In contrast with such an automatic coffee percolator, the present invention is directed to an automatic coffee percolator with a particularly simply designed continuous-flow heater which operates very reliably and by which the discharge of hot water or vapor into the fresh-water reservoir is safely avoided; in such an automatic coffee percolator the water flowing through the continuous-flow heater can be stepwise controlled within a narrow temperature range, independently of the pressure of the supplied water.

According to the present invention this object is achieved because said valve at the discharge side of the continuous-flow heater is a pressureless and thermally operating valve which opens in the water discharge direction, and a second valve is provided, at the entry side of said continuous-flow heater. This second valve is of the check type and is open when said fresh-water reservoir contains water.

In such a structure of the continuous-flow heater, the discharge of hot water and vapor into the fresh-water reservoir is safely avoided at temperatures above the boiling point because the check valve at the entry side of the continuous-flow heater closes. In the continuous-flow heater itself, moreover, excessive pressure cannot be produced since the valve which opens in the water discharge direction at the discharge side operates as a safety valve independently of its thermally controlled actuation.

In spite of the provision of an additional valve at the entry side of the continuous-flow heater, the automatic coffee percolator can begin full operation immediately after the fresh-water reservoir is filed because the water can flow toward the continuous-flow heater without being affected by the valve at the entry side and because the valve at the discharge side discharges the water immediately after heating it to its nominal temperature.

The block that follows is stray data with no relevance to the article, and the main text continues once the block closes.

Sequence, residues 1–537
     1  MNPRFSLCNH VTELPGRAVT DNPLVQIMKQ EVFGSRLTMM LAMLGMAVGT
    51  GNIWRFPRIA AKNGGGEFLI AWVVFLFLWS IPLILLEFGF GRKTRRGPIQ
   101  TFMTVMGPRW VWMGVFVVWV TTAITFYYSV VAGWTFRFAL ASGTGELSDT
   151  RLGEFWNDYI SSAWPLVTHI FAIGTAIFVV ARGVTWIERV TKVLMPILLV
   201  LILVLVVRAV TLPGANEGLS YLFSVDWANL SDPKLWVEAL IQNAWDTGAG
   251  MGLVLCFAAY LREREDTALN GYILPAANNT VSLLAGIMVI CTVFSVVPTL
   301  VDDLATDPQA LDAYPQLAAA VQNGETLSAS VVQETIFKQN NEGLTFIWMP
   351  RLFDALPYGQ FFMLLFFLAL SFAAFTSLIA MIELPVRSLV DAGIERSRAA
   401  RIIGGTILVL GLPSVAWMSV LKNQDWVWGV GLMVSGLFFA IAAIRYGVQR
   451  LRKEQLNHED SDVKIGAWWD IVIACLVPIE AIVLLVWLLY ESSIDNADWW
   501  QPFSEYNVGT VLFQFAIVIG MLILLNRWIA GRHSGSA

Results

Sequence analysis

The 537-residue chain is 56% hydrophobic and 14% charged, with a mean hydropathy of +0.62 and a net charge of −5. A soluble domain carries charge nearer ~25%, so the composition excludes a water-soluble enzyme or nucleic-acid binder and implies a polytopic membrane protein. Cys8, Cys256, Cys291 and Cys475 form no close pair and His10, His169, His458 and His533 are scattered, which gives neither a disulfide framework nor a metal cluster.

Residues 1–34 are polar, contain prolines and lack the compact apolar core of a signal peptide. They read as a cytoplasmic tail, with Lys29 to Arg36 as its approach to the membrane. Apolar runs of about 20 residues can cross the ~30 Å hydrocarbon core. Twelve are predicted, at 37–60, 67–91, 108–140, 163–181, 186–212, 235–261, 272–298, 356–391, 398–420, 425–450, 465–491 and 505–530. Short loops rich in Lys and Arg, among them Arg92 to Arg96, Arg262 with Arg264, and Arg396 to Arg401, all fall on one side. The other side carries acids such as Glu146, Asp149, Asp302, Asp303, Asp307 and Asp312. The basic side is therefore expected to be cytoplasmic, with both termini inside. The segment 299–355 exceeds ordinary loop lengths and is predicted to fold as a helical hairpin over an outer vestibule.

It is expedient to design the valve at the discharge side as a ball type valve with a valve stem projecting into the flow channel of the continuous-flow heater. This ensures particularly safe operation and a sturdy construction of the valve at the discharge side of the continuous-flow heater.

To adjust of the control range, it is desirable that the valve seat of the valve at the discharge side of the continuous-flow heater be adjustable. Adjustment of the valve seat in the vertical direction entails a shift of the opening temperature of the valve.

The temperature sensor is preferably a bimetal strip connected to a supporting projection of the valve at the discharge side, with one arm of this strip being connected to the casing of the continuous-flow heater while the other arm is adapted to be freely movable but loosely connected to the supporting projection of the valve. If the first arm of the bimetal strip is permanently attached to the top of the casing of the continuous-flow heater the bimetal strip must be designed in a way that the freely movable arm moves away from the permanently attached arm when temperature rises. If however, the first arm of the bimetal strip is permanently attached to the bottom of the casing, the bimetal strip must be constructed so that the freely movable arm moves toward the permanently attached arm when temperature rises. In the latter case the first arm of the bimetal strip is preferably connected to the heating element at the bottom of the continuous-flow heater.

For a further simplification of the continuous-flow heater structure it is desirable that the valve at the entry side of the continuous-flow heater be a ball valve. It can also be advantageous if the casing of the valve at the entry side of the continuous-flow heater is integral with the fresh-water reservoir.